Updated with the name of artist David A. Feil.
If you haven't been over to the new/old happening area of Main Street, the first Thursday of each month is the time to go. Last night the block of Main between the 3600 and 3700, which calls itself Mid Main, had its monthly first Thursday and it was a rocking time.
Each first Thursday the shops and bars along Mid Main open their doors and their taps and invite people to come out and have a good time. In addition to art, music and various free libations, the proprietors along the block donate 5 percent of the evening's proceeds to a chosen donation. Last night the non-profit being supported was the Cynthia Woods Mitchell Center for the Arts.
There were a number of bands and DJs hitting up the various venues; DJ Flash Gordon was at Sig's Lagoon, Nick Gaitan and the Umbrellaman were over at the Big Top and Los Guerreros De La Musica took over the Continental Club. But the highlight of the evening was the UH Marching Band, which came in on the metro, brass a blazing as they strutted in an organized fashion down the platform into the crowd.
There was a new addition to the shopping on Main. The Tinderbox, a not-yet opened craft, art and jewelry shop, made its mini-debut last night. The shop, which will actually open some time next month, is the idea of Ren Mitchell and her sister who were looking for a place to showcase Houston artists' wares.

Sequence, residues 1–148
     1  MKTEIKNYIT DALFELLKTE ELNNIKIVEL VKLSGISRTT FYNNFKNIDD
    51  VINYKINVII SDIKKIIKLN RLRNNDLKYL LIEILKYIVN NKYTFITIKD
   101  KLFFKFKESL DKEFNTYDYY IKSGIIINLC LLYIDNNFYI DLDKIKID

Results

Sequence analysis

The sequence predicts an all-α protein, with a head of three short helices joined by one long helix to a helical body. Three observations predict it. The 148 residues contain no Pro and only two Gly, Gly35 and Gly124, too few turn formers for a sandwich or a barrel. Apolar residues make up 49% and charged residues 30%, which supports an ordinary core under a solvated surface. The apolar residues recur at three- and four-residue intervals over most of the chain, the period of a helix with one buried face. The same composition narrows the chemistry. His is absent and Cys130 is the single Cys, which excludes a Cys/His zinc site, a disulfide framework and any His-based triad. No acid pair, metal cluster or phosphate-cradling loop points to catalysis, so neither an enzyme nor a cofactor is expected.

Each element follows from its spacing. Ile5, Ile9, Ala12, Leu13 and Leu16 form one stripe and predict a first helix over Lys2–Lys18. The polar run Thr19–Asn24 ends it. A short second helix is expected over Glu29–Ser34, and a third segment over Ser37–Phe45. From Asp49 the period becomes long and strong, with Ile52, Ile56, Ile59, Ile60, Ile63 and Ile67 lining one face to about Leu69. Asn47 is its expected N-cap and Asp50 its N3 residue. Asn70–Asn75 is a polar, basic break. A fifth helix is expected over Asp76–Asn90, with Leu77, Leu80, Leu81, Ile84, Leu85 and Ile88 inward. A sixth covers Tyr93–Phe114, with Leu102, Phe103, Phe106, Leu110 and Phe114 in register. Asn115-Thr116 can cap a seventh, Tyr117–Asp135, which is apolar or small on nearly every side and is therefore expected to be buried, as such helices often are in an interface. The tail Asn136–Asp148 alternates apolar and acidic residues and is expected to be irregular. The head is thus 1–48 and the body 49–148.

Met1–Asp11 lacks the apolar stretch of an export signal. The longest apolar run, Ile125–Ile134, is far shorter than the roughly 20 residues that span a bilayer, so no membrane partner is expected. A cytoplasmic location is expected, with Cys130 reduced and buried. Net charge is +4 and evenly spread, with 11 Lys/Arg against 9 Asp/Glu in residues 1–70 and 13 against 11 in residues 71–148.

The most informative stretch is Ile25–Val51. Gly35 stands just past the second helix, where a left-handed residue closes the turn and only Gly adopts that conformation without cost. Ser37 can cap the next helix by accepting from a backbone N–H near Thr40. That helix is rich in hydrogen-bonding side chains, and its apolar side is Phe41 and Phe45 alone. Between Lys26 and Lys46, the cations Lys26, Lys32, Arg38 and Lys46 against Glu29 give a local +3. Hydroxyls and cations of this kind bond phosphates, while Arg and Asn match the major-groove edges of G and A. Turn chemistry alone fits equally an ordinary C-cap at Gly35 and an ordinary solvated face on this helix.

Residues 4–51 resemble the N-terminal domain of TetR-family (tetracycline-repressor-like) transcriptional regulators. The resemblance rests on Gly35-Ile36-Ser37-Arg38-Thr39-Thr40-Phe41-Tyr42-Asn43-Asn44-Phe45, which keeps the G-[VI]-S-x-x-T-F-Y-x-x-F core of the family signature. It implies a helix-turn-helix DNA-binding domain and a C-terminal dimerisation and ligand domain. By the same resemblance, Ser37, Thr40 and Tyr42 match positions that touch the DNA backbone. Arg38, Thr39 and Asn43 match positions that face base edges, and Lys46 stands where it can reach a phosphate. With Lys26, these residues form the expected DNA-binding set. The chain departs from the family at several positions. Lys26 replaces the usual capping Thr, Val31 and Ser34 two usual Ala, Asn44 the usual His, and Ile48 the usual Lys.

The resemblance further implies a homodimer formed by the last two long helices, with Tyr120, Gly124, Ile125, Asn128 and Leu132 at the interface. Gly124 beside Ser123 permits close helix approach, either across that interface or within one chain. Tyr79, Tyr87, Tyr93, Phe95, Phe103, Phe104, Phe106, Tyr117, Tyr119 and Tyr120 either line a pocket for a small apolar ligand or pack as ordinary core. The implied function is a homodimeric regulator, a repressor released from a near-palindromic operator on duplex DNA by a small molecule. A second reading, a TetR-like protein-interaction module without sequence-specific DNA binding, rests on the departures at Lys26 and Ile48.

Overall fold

"We come from a crafty family," says Mitchell and their love of craft and art inspired them to open shop. In addition to the retail aspect of The Tinderbox, they will also be offering various workshops such as terrarium building, stained glass and screen pressing, among others.
Another highlight of the evening is the Main Street Projects' installation window pieces across the street from Natachee's. The group got incredibly lucky and was given the windows to showcase varying artists' creations. Now in their fifth installation, Main Street Projects, which consists of Galina Kurlate, Theresa Escobedo, Brandon Dimit, and Rahul Mitra, accepts proposals for taking over the space. Currently they are exhibiting the work of Carrie Shneider and Alex Tu's "The Human Tour," which is a recreation of the original human tour down by the Art Guys way back in the day.
In the far window a digital bit map road trip is projected through the window
(unfortunately I don't have the artist's name). The work is by artist David A. Feil. As the sun went down, the moving images became entrancing. It is like a huge version of the arcade classic Road Fighter, but the journey is endless and ever changing. The cityscape in the background looks familiar and yet it doesn't; the roads take you to place you've never seen before yet you have been there a million times. It is in a word: awesome.
The crowd started to pick up around 7 p.m., so if you plan on going next month, don't worry about getting there exactly at 5 p.m. There are great things happening in that part of town that are getting the attention they deserve.
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